THE COLOURS IN LITHUANIAN AND FRENCH PROVERBS
Kalbotyra
Svetlana Kosova
Paula Klanauskaitė
Published 2015-12-04
https://doi.org/10.15388/Verb.2015.6.8813
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Keywords

French and Lithuanian languages
idiom
proverb
colour

How to Cite

Kosova S. and Klanauskaitė P. (2015) “THE COLOURS IN LITHUANIAN AND FRENCH PROVERBS”, Verbum, 60, pp. 135-149. doi: 10.15388/Verb.2015.6.8813.

Abstract

The aim of the article is a comparison of Lithuanian and French proverbs by choosing the names of colours as the main aspect. This is to some extent a new way of analysing proverbs with colour as the key word. Seven main aspects of proverbs are mentioned in the article supported by an analysis and comparison of proverbs in both languages. Two different dictionaries have been used for the research: K. Grigas, L. Kudirkienė, R. Kašetienė, G. Radvilas ir D. Zaikauskienė Lietuvių Patarlės ir Priežodžiai and M. Maloux LAROUSSE Dictionnaire des proverbes sentences et maximes. It is clearly seen from the examples that colours may have various shades, which is illustrated by presenting the names of colours and their codes, as well as by translating French proverbs into the Lithuanian language. In addition, the meaning of colours as symbols is explained comprehensively and it is noted that the real meaning of a colour in a proverb can be interpreted freely, since it does not have one unequivocal meaning.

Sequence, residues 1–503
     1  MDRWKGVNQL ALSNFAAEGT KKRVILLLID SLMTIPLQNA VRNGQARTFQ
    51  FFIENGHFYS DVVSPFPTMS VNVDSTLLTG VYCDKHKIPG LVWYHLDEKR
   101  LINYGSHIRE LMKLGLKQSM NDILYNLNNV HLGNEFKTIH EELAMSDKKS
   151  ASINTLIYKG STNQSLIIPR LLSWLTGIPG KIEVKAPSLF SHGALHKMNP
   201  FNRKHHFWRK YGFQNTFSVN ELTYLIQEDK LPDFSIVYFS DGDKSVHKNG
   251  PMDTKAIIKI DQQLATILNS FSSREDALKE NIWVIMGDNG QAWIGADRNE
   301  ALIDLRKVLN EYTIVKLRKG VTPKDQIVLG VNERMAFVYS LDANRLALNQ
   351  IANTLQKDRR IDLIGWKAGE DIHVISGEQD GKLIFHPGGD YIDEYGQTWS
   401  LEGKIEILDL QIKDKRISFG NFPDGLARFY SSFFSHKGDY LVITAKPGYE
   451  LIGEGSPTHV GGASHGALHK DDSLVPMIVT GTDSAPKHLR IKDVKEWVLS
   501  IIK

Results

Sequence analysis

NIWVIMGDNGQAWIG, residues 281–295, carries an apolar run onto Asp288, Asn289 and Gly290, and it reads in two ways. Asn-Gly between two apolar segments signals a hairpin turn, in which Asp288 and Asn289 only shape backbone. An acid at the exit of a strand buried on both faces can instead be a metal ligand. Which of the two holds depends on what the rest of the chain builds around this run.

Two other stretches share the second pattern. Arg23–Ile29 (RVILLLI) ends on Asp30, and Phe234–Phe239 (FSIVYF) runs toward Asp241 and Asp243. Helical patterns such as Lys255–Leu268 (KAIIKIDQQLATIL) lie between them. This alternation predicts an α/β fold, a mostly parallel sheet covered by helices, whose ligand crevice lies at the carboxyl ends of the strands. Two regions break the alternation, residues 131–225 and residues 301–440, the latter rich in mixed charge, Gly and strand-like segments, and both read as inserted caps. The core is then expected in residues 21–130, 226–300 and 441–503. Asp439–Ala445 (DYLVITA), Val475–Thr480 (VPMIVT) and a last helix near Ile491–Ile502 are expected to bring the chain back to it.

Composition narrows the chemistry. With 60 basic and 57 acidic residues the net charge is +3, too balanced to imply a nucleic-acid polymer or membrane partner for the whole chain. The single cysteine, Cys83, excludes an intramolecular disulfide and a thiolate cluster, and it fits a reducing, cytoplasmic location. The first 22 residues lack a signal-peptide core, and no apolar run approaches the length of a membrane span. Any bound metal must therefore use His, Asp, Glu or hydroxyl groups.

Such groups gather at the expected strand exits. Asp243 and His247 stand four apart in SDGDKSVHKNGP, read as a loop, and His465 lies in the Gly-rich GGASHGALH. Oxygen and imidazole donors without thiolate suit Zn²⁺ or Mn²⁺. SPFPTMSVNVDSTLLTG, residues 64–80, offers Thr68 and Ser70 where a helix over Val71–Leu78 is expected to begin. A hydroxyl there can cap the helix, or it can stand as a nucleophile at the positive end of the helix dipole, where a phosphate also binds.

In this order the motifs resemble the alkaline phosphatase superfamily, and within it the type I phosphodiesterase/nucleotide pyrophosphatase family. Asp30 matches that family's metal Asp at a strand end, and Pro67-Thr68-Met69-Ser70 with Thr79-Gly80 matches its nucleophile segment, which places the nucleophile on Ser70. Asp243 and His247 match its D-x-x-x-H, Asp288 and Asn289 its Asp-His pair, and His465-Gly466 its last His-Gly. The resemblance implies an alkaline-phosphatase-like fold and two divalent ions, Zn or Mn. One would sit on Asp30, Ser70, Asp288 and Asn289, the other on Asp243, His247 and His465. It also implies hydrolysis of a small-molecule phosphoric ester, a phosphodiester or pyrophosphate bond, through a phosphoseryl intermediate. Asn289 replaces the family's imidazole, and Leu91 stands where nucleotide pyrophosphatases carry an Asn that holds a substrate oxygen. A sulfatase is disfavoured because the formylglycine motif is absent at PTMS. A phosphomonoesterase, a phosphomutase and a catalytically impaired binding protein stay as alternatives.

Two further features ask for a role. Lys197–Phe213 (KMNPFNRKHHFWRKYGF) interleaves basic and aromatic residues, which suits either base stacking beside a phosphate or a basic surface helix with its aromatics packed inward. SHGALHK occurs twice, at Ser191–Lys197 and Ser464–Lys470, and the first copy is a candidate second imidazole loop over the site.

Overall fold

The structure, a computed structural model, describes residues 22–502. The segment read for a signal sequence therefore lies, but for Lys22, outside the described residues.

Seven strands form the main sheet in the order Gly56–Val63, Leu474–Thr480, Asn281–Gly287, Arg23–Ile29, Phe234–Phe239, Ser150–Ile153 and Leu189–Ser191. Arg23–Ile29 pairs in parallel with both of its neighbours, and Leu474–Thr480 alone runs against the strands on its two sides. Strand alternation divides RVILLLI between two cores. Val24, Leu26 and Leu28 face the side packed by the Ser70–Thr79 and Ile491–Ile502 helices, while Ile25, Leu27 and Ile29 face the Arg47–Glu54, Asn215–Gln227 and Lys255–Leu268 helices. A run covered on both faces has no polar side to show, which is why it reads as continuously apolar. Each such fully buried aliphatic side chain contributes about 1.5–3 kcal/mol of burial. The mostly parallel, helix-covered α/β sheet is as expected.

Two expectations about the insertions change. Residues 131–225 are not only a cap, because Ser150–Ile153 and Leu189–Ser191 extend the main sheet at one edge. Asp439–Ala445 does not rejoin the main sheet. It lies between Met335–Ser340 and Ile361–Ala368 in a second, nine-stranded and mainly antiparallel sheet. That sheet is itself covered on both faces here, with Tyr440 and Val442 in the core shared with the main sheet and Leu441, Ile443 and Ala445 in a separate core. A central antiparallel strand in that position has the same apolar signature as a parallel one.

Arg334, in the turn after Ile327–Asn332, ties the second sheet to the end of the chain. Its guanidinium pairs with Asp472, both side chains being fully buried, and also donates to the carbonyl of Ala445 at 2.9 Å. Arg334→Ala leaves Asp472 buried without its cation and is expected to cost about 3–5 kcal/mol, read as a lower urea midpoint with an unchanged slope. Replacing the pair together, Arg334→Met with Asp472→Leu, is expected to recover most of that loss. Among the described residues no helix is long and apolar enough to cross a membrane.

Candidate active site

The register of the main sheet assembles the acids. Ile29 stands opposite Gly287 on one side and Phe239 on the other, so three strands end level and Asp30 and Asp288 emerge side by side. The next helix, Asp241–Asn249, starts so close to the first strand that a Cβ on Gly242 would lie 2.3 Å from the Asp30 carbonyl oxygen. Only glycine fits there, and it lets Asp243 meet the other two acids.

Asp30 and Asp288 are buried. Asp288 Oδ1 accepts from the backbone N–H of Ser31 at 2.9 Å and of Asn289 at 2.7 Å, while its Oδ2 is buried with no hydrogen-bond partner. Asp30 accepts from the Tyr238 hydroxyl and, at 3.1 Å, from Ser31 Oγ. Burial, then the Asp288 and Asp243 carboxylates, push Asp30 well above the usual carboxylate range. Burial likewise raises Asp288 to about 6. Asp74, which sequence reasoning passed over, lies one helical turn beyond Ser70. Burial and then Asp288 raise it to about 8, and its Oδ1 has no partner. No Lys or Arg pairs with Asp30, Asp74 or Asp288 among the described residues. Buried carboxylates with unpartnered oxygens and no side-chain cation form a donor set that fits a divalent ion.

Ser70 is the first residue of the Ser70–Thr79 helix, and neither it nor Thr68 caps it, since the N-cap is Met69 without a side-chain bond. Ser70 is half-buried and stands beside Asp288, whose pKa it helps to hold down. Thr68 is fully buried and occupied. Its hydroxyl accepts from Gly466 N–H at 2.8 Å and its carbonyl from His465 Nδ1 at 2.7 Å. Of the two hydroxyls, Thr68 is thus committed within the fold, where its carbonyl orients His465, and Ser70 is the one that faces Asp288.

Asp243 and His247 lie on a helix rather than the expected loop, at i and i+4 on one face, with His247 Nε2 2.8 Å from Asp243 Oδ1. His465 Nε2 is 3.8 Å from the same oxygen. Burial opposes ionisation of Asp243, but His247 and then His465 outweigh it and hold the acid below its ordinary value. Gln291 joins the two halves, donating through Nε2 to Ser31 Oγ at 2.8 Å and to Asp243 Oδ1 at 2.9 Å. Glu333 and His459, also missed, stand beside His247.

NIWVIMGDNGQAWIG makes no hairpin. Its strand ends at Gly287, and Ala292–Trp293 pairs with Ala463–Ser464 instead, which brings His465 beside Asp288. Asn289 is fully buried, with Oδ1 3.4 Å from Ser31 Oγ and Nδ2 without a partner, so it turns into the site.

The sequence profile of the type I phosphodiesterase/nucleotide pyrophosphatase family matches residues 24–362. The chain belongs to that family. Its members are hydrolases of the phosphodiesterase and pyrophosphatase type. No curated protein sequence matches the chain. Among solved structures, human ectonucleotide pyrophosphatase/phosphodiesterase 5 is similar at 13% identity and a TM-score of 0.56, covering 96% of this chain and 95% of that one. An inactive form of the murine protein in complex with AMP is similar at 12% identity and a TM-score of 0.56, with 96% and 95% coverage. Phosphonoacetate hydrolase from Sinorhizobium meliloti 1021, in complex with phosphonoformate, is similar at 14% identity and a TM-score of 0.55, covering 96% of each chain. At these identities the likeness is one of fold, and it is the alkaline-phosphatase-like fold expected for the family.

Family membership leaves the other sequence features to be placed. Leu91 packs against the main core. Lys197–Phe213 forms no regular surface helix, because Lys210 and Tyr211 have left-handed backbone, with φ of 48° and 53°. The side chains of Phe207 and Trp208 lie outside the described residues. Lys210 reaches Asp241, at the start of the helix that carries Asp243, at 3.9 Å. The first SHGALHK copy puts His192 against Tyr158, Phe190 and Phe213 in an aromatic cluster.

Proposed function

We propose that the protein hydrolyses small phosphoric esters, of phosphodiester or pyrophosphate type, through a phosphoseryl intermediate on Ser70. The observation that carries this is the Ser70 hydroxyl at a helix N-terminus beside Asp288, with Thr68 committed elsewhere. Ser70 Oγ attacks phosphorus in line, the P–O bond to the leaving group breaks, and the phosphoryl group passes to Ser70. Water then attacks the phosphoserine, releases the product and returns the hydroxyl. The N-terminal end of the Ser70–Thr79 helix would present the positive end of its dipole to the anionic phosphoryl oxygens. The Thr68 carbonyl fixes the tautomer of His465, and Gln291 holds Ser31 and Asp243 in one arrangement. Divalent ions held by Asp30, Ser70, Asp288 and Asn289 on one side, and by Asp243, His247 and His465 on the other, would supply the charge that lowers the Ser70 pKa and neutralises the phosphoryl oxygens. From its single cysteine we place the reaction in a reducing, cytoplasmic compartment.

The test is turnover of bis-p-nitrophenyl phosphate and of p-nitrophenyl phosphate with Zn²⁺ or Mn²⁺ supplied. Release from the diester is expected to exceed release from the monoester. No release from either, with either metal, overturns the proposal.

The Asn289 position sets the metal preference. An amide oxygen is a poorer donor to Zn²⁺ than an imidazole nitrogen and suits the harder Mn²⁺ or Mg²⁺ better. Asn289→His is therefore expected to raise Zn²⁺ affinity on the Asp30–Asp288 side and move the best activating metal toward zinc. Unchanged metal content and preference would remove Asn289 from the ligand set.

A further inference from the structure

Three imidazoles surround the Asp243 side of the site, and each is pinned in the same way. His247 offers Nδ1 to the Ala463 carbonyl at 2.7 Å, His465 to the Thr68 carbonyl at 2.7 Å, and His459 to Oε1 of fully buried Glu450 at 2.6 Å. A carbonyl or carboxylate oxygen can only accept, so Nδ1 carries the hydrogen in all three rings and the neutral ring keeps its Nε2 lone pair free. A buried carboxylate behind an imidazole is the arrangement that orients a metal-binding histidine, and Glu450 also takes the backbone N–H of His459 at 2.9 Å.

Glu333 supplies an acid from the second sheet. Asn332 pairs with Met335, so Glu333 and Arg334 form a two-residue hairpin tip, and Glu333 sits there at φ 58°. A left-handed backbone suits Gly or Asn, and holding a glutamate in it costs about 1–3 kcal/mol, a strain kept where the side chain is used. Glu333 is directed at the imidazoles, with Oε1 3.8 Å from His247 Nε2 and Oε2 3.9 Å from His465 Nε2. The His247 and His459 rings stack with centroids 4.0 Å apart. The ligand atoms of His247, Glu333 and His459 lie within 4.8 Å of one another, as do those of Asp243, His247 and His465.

The modern usage of French and Lithuanian proverbs is not a common phenomenon; it is considered that proverbs are more a part of the folklore. However, it is emphasised that proverbs are historic and cultural heritage of a nation and show its individuality and relations with other cultures. While studying the proverbs, it has been noticed that a list of the colours mentioned in the proverbs of both languages could be longer or more comprehensive. However, it is observed that the most common colours used in proverbs are black, white, green, red, blue and brown, thus the greatest attention was given to those colours in particular. Examination of the meaning of those colours in proverbs revealed traces of commonness of both languages. Despite the lexical, historic or cultural differences of both languages, the meaning of colours is the same, for example, in both languages black colour means bad, dishonest things and, on the contrary, white colour means beauty and goodness. Presumably, this is because people, even though they speak in different languages, are likely to experience similar associations when looking at the same colours.

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